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Like him, the neighbourhood has had several reincarnations over the course of its life, as Shumaker will tell you if you happen to take one of the tours of Park Slope he runs as a volunteer with Big Apple Greeters. It started as a wealthy area in the late 19th century and declined over the 20th, before becoming the home of chi-chi bohemia that it is now, where brownstones formerly inhabited by factory workers come with multimillion dollar price tags.

“People tell me I could make a fortune selling this place now,” he says. “And I guess I could. But, seriously, why would I want to live anywhere else?”

Q&A with Bill Shumaker

Bill, what is it like to live with all this art?
One of my favourite places in New York is The Frick Collection [the Frick mansion belonged to turn-of-the-century industrialist Henry Clay Frick, and was opened as a public art museum in 1935]. It’s one of those museums that is more than a museum. Being a tour guide, I get to go to these places after hours, and on one occasion I was left there on my own, with the art all around me. I felt like Frick. I can relate to him. Art is a part of my life.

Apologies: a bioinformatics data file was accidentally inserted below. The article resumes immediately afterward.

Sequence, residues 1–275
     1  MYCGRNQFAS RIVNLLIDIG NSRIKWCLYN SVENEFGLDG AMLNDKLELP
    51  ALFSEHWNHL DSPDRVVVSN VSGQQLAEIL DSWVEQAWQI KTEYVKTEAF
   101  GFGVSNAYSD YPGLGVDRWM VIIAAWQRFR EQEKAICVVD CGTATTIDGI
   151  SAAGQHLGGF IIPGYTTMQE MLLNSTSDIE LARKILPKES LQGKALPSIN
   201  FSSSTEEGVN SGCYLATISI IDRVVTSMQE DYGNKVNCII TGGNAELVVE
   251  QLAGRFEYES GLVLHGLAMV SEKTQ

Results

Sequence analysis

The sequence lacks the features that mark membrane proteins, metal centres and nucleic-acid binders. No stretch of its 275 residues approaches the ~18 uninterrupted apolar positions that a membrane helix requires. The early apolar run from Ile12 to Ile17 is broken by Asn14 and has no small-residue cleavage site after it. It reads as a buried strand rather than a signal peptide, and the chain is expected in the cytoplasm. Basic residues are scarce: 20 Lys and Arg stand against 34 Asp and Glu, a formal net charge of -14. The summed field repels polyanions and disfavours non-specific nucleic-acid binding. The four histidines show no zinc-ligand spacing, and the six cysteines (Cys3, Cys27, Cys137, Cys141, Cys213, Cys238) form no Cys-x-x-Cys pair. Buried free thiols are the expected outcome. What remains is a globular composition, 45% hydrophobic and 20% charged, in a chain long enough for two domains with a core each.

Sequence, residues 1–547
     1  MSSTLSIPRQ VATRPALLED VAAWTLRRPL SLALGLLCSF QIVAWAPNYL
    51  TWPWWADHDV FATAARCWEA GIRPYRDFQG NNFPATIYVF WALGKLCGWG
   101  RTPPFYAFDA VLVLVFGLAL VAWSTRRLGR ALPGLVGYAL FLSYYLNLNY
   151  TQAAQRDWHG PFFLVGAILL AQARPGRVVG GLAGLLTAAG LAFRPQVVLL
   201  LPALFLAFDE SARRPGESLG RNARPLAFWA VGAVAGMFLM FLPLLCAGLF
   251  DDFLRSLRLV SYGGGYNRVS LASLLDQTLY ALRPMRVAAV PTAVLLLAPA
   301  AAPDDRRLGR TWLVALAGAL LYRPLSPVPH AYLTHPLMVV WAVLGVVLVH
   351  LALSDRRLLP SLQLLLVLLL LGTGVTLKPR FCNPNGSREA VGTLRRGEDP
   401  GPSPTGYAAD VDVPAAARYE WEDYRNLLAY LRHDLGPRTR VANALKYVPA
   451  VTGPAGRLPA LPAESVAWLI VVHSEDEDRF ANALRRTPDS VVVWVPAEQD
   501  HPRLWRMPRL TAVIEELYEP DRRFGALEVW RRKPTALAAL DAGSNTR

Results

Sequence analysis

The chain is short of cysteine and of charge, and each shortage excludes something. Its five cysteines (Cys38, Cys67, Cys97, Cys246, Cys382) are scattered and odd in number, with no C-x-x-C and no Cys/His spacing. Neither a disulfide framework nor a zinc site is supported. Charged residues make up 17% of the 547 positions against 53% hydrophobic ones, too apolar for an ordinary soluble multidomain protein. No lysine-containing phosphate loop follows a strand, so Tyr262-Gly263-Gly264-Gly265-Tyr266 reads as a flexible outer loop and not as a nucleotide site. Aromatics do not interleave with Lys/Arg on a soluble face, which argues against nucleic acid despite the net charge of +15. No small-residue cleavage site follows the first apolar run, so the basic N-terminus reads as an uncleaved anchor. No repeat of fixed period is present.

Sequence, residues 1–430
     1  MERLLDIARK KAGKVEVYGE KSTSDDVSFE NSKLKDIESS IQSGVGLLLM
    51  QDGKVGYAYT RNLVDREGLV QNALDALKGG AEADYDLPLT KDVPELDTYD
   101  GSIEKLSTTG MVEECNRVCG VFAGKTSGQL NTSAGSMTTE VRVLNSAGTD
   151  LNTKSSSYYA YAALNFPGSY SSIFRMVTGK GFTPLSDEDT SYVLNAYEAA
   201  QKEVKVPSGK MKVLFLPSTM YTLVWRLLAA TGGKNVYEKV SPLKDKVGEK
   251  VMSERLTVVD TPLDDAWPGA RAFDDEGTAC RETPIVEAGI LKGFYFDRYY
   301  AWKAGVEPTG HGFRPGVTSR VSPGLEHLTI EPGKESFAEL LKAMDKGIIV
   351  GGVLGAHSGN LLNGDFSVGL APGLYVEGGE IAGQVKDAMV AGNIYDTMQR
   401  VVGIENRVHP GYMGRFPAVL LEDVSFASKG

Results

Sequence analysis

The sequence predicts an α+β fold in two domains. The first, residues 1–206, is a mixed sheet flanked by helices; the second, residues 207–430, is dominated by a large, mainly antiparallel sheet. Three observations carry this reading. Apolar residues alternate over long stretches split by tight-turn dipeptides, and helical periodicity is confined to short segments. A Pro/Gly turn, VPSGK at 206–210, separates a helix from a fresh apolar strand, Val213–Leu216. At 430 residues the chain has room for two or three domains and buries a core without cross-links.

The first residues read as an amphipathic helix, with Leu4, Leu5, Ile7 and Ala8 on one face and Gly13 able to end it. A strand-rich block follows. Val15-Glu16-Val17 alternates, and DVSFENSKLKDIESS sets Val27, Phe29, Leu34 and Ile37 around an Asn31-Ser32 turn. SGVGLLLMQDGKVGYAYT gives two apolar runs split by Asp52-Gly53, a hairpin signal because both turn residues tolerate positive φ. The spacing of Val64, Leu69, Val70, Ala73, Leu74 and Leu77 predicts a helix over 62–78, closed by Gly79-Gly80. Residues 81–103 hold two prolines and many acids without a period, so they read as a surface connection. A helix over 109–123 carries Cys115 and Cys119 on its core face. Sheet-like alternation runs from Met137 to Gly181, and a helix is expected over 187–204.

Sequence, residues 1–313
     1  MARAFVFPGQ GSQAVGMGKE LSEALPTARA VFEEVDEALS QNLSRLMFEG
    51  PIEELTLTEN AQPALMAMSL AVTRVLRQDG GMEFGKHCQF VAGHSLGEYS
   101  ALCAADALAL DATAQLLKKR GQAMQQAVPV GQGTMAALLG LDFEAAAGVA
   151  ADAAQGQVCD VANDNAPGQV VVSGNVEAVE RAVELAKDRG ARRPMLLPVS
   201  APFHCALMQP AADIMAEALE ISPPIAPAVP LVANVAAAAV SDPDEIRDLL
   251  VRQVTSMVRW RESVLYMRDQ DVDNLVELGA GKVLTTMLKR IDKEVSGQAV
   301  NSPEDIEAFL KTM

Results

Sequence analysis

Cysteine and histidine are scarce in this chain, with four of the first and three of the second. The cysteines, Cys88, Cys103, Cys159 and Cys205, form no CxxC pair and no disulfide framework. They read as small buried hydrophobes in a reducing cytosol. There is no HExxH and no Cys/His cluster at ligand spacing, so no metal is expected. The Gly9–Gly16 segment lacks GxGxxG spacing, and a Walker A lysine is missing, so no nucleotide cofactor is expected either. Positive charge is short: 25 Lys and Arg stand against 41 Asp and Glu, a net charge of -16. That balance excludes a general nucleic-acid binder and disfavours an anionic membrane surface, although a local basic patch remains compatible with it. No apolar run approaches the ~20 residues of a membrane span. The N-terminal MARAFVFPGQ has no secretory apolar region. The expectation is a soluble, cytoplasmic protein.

Is there a method to the madness?
Things just evolved over time. Murray [Grimsdale], who is a very un-commercial artist, changed my concept of decoration. So it’s not only on the walls and the ceiling, but surrounding me.

You’ve grouped certain objects together?
The masks are in most cases a symbol of religion, or used for religious ceremonies. Everything in here is religious. The man carving the Buddha, for example, had been carving that same Buddha for 20 years. And is every one slightly different? Yes! He’s like a great medieval craftsperson. You watch him work and it’s like a great actor playing the same role over its thousandth time, and it still has meaning. So, none of these things are mass-produced, that’s the grouping in this room.

Words by: Sam Eichblatt. Photos by: Emily Andrews.